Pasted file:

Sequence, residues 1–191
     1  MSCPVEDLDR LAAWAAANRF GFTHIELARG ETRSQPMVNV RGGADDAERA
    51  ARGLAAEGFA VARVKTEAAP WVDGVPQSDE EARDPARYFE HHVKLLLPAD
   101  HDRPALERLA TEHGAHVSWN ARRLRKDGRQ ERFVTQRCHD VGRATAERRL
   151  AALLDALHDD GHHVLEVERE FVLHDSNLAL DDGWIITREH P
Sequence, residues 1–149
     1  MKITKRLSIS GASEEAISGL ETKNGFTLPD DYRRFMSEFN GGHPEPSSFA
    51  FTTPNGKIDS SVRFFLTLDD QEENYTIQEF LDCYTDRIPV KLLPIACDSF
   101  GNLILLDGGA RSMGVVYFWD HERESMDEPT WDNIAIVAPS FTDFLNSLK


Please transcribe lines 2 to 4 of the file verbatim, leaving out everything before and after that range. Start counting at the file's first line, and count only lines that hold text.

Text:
     1  MSCPVEDLDR LAAWAAANRF GFTHIELARG ETRSQPMVNV RGGADDAERA
    51  ARGLAAEGFA VARVKTEAAP WVDGVPQSDE EARDPARYFE HHVKLLLPAD
   101  HDRPALERLA TEHGAHVSWN ARRLRKDGRQ ERFVTQRCHD VGRATAERRL